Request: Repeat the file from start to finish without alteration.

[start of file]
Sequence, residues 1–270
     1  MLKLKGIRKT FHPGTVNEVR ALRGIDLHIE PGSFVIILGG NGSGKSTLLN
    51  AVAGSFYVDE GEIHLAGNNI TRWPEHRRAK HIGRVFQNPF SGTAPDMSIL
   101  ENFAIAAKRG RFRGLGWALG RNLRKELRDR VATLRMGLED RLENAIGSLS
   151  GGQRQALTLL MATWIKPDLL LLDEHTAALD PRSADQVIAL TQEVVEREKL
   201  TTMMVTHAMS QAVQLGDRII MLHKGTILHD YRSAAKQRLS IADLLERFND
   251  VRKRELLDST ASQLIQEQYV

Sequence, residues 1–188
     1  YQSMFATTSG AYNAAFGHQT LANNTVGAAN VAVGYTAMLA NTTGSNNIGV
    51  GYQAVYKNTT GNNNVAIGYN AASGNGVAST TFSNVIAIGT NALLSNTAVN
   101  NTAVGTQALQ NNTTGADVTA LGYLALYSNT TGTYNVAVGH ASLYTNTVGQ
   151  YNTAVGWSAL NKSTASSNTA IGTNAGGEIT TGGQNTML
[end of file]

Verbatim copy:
Sequence, residues 1–270
     1  MLKLKGIRKT FHPGTVNEVR ALRGIDLHIE PGSFVIILGG NGSGKSTLLN
    51  AVAGSFYVDE GEIHLAGNNI TRWPEHRRAK HIGRVFQNPF SGTAPDMSIL
   101  ENFAIAAKRG RFRGLGWALG RNLRKELRDR VATLRMGLED RLENAIGSLS
   151  GGQRQALTLL MATWIKPDLL LLDEHTAALD PRSADQVIAL TQEVVEREKL
   201  TTMMVTHAMS QAVQLGDRII MLHKGTILHD YRSAAKQRLS IADLLERFND
   251  VRKRELLDST ASQLIQEQYV

Sequence, residues 1–188
     1  YQSMFATTSG AYNAAFGHQT LANNTVGAAN VAVGYTAMLA NTTGSNNIGV
    51  GYQAVYKNTT GNNNVAIGYN AASGNGVAST TFSNVIAIGT NALLSNTAVN
   101  NTAVGTQALQ NNTTGADVTA LGYLALYSNT TGTYNVAVGH ASLYTNTVGQ
   151  YNTAVGWSAL NKSTASSNTA IGTNAGGEIT TGGQNTML